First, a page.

Summer 2012

    butane gas .jpg

View
more

  • Bookmarked
    Chemistry

    [ document.course.dept_acro ] [ document.course.course_num ]

    [ document.title ]

    [ document.bookmarkTime ]

Chemistry

CHEM 020.305

Chemistry

Viewing now

Interested in Chemistry

?

Bookmark it to view later.

Bookmark Chemistry.

Bookmarked!

No bookmarked documents.



Bookmark this doc

Recently Viewed

Chemistry

[ document.course.dept_acro ] [ document.course.course_num ]

[ document.title ]

satisfaction guaranteed seal

Study on the go

  • Download the iOS

  • Download the Android app

Other Related Materials

97 pages
dfnk I.pdf

  • dfnk I.pdf
  • Johns Hopkins University
  • CHEM 30.101

    Fall 2009

dfnk I.pdf

55 pages
Lecture 3- Fundamentals

  • Eg 50 ml of a 20M solution contains 20 molL 0050L010 mol of solute 52 You also
  • Johns Hopkins University
  • CHEM AS.030.105

    Fall 2015

Lecture 3- Fundamentals

16 pages
Final Exam Review Guide 2013 KEY.doc

  • 1 Which intervals on the graph above indicate a change in kinetic energy AB C D
  • Johns Hopkins University
  • CHEM AS.030.105

    Fall 2011

Final Exam Review Guide 2013 KEY.doc

10 pages
2008exam2KEY

  • 2 Polysaccharides play important structural and energy storage roles in biology
  • Johns Hopkins University
  • CHEM 020.305

    Summer 2012

2008exam2KEY

15 pages
2008Final_KEY

  • Which of the following is likely to increase the fluidity of a membrane a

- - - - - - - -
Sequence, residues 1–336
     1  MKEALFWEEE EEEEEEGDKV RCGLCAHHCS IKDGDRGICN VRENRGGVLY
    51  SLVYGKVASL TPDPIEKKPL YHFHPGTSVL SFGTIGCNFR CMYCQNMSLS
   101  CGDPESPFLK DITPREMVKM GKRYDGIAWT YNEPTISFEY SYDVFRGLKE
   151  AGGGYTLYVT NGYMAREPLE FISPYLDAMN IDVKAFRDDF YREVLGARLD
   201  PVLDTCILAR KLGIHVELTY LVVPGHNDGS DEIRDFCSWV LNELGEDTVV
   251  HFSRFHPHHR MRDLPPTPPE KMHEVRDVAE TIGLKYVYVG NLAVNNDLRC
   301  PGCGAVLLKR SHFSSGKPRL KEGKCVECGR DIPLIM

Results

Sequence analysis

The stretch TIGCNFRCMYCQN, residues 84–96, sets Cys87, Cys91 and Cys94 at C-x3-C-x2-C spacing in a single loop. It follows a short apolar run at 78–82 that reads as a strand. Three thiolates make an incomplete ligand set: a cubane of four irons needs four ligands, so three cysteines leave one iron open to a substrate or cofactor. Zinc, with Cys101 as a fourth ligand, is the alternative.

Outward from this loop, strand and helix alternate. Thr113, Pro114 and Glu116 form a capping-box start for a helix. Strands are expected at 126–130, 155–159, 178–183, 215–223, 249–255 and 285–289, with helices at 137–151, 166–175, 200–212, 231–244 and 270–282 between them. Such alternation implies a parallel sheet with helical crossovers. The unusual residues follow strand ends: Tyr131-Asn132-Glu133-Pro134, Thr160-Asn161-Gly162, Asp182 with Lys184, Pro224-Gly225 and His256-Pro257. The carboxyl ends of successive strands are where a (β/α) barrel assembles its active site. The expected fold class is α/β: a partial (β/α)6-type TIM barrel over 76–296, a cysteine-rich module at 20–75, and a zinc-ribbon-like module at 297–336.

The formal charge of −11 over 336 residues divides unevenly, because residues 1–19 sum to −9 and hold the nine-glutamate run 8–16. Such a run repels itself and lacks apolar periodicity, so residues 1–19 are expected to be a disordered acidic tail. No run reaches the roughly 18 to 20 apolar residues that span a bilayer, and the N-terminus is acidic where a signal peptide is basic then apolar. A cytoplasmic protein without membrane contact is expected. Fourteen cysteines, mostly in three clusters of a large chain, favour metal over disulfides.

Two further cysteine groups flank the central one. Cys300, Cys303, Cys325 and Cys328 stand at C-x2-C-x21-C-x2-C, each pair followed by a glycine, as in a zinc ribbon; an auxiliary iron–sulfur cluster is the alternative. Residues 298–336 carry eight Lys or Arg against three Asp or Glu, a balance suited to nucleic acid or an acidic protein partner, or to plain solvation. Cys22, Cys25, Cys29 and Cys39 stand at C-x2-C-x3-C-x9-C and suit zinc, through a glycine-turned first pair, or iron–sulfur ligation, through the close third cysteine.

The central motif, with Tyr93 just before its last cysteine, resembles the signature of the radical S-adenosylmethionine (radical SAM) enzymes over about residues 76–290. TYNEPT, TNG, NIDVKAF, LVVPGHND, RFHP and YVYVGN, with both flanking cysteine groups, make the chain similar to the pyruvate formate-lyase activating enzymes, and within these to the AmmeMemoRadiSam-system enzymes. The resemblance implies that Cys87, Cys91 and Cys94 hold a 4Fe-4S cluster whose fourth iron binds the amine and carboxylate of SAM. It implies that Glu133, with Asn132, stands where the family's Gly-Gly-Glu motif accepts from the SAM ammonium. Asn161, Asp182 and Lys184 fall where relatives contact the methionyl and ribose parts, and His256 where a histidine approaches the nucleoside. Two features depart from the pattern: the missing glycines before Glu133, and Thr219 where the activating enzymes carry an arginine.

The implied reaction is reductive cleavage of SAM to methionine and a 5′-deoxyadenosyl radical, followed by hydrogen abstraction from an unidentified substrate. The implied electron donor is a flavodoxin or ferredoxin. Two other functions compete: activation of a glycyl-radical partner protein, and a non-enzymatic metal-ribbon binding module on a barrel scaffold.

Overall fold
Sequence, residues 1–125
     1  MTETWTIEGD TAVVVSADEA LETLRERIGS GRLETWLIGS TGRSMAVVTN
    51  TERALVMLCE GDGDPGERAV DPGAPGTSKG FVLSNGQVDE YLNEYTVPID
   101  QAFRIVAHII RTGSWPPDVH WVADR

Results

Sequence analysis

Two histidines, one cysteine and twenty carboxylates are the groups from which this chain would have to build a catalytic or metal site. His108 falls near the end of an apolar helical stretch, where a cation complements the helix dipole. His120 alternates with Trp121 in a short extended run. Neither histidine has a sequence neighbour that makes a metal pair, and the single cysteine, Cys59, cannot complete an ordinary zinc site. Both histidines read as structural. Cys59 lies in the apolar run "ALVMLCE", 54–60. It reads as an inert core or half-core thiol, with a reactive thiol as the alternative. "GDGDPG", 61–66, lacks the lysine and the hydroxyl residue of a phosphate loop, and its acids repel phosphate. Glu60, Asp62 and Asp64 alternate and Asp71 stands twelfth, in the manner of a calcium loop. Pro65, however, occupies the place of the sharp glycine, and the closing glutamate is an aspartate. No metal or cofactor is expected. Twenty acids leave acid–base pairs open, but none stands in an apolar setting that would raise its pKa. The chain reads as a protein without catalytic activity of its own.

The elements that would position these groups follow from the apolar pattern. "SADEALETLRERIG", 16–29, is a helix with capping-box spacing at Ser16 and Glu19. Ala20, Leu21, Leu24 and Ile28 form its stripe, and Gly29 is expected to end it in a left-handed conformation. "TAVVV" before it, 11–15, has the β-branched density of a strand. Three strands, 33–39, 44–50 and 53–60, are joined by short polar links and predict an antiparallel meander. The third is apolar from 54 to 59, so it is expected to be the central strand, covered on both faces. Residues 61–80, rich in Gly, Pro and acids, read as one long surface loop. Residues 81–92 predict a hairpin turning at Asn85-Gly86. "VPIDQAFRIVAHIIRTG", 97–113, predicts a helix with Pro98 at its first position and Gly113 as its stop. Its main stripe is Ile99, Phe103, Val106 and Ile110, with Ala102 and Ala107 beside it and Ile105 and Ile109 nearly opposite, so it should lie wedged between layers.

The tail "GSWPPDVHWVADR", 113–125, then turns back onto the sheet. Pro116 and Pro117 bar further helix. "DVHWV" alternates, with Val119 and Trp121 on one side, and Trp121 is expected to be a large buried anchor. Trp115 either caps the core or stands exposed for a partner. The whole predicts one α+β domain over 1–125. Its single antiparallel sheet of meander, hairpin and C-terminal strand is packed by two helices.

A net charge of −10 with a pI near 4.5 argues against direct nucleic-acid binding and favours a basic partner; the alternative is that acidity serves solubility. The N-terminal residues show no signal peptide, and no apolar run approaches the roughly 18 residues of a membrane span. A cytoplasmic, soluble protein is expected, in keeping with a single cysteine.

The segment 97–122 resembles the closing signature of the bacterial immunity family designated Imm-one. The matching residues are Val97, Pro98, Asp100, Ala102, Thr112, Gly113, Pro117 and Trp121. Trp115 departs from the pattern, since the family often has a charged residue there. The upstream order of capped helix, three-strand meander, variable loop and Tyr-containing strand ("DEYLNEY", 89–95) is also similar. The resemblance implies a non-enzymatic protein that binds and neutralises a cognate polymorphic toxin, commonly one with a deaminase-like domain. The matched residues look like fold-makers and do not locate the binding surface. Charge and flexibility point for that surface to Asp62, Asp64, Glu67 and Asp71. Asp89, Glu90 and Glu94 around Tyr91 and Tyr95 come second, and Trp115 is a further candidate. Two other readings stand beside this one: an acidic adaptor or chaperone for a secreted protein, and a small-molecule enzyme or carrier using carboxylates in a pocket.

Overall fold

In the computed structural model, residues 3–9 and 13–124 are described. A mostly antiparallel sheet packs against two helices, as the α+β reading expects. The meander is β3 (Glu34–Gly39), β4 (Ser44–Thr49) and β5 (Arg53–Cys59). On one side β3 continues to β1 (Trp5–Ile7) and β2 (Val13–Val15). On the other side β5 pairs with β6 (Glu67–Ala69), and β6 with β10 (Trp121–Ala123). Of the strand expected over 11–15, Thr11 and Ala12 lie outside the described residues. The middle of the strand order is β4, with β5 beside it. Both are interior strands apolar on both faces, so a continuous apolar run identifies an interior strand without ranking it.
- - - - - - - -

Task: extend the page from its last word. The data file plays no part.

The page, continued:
• Johns Hopkins University
  • CHEM 020.305

    Summer 2012

2008Final_KEY

28 pages
Chapter 5

  • What is the correct formula for the product of the combination reaction between
  • Benedictine University
  • CHEM 101

    Fall 2013

Chapter 5

[ snackBarMessage ]

2/3

PREVIEWS LEFT

Sign up to access 24/7 study resources for your classes
Sign Up
Log in

What students are saying

  • Left Quote Icon

    As a current student on this bumpy collegiate pathway, I stumbled upon Course Hero, where I can find study resources for nearly all my courses, get online help from tutors 24/7, and even share my old projects, papers, and lecture notes with other students.

    Student Picture

    Kiran
    Temple University Fox School of Business ‘17, Course Hero Intern

  • Left Quote Icon

    I cannot even describe how much Course Hero helped me this summer. It’s truly become something I can always rely on and help me. In the end, I was not only able to survive summer classes, but I was able to thrive thanks to Course Hero.

    Student Picture

    Dana
    University of Pennsylvania ‘17, Course Hero Intern

  • Left Quote Icon

    The ability to access any university’s resources through Course Hero proved invaluable in my case. I was behind on Tulane coursework and actually used UCLA’s materials to help me move forward and get everything together on time.

    Student Picture

    Jill
    Tulane University ‘16, Course Hero Intern